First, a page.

Lighting 101 - Understanding Your Flash

(Photo by Strobist reader GreggBK)

I am assuming you already have a camera and a lens. And for off-camera lighting, your flash needs to be detachable. (I.e., it can't be built in, or a "pop-up" flash.) Most detachable flashes are fine for off-camera lighting. If you have those items, you have already bought the expensive part. The rest is cheap.

And if you don't yet have a flash, I'll point you to a modestly priced flash that is ideal for studio-style lighting.

The Bare Essentials

Take a look at your flash and see if it has a manual mode ("M") that allows you to work at different power settings—i.e., full power, ½ power, ¼ power, etc. If it is detachable, and has a manual mode with different power settings, your flash will be fine for now.

Most detachable flashes have a manual capability. And that's the only thing that is mandatory, because you are going to learn how to light in manual mode. If your flash has that, skip buying another flash for right now until you have a chance to play with the gear you already have. Moving into off-camera lighting is going to be very inexpensive for you.

IMPORTANT NOTE: If your flash is more than, say, 10-15 years old, do a little research to make sure it is safe to directly hook up to a modern digital camera. Some old flashes can fry the electronics of a digital camera. And once that little bit of magic smoke escapes your camera, it is almost impossible to get it back in…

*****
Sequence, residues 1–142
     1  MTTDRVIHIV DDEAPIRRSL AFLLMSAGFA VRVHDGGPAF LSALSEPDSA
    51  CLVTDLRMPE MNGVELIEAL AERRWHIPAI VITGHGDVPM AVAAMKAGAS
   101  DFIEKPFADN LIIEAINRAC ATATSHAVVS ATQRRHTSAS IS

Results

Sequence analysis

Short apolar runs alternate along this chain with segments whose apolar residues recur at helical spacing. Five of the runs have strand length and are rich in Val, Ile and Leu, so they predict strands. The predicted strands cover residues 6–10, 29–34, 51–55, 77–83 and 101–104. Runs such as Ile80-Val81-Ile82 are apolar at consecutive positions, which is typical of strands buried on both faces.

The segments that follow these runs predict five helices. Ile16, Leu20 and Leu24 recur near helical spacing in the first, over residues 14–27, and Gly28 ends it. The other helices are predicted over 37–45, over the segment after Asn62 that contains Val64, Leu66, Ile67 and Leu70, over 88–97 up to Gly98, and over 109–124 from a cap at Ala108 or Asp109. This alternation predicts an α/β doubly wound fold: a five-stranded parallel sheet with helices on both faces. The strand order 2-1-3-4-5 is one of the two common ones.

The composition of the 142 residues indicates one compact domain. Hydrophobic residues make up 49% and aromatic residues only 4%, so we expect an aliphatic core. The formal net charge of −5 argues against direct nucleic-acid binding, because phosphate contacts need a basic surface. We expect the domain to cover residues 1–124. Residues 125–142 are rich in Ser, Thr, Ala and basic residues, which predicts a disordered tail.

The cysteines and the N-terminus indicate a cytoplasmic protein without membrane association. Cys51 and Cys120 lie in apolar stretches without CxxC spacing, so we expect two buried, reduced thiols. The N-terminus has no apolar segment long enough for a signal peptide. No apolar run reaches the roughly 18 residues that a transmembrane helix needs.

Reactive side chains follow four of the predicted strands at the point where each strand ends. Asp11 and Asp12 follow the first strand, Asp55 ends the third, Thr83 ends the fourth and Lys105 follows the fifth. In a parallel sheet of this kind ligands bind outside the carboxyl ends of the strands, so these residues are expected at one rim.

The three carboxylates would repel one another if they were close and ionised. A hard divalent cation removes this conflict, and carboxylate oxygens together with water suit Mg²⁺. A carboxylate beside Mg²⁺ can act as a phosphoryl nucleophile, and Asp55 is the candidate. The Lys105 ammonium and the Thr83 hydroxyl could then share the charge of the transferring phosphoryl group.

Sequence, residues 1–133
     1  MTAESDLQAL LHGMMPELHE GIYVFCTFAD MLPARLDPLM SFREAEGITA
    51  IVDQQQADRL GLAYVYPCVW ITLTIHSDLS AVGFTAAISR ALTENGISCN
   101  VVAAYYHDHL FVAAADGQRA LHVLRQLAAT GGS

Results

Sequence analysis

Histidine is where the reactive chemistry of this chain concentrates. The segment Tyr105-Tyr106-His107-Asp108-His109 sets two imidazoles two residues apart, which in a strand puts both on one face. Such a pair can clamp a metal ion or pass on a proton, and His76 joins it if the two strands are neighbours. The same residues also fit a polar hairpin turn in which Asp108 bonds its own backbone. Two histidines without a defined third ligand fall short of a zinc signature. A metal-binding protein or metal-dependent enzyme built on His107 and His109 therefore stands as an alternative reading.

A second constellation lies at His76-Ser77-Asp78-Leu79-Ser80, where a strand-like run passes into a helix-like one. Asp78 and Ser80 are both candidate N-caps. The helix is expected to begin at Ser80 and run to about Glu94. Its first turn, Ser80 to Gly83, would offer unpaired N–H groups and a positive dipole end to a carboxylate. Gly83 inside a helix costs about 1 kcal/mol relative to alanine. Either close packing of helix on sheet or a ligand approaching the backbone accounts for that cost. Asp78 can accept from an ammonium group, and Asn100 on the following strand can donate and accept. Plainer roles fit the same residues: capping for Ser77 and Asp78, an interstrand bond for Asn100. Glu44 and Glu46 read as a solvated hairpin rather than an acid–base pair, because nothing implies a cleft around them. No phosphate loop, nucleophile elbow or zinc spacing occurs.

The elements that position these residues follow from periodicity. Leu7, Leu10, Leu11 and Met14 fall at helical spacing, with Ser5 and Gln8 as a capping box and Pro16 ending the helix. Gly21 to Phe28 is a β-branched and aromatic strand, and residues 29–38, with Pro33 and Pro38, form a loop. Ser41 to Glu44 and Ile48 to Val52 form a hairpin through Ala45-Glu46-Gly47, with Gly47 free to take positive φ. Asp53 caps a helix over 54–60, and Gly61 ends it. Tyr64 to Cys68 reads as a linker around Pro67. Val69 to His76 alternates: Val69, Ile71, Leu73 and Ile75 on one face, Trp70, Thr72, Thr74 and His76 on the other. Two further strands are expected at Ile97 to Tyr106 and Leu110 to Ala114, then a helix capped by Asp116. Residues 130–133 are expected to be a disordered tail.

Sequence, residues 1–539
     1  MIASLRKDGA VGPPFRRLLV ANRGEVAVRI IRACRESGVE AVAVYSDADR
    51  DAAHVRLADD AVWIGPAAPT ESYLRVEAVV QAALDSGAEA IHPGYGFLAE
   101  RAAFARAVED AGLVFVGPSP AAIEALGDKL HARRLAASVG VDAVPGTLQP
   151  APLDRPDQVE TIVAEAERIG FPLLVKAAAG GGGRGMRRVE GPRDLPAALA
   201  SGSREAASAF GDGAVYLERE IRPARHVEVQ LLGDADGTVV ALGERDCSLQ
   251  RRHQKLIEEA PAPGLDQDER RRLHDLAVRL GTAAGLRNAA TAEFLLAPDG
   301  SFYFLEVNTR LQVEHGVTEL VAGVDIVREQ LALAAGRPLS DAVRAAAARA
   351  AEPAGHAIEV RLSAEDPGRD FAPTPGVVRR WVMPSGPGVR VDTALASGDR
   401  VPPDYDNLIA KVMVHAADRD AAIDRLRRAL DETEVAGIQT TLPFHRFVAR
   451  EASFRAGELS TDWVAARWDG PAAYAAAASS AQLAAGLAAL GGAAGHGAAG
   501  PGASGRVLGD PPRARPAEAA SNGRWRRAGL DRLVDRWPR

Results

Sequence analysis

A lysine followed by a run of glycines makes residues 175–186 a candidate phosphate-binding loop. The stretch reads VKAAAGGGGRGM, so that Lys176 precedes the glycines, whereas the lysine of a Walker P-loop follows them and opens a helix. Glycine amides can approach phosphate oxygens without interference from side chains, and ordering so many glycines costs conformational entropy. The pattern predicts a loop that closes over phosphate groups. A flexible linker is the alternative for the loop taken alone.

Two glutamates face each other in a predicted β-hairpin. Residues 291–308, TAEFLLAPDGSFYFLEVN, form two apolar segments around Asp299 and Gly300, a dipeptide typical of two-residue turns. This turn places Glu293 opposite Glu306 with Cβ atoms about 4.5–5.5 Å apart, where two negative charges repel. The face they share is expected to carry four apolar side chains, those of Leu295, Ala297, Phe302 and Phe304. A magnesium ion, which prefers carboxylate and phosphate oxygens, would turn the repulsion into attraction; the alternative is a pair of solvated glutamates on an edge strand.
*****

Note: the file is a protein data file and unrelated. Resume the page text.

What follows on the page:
If You Do Need a Flash

If you don't have a flash I recommend the much-loved LumoPro LP180, seen above, for more reasons than it makes sense to state in this short space. You can read much more about it, here.

Suffice to say that the LP180 is specifically designed for lighting photographers, built like a tank and has a whole slew of unique features. It is also very well-made, sporting double the warranty (at under half the price) of the Nikon and Canon offerings.

NOTE: If you do not have a flash, hold off on purchasing one until you have read about the other gear you'll need on the next page. It makes sense to buy everything together, as they are cheaper as a kit.

That's everything you need to know about your flash for right now. Next, we'll learn about the gear you'll need to turn it into your own little portable lighting studio…

NEXT: Your Studio-to-Go: A Basic Kit


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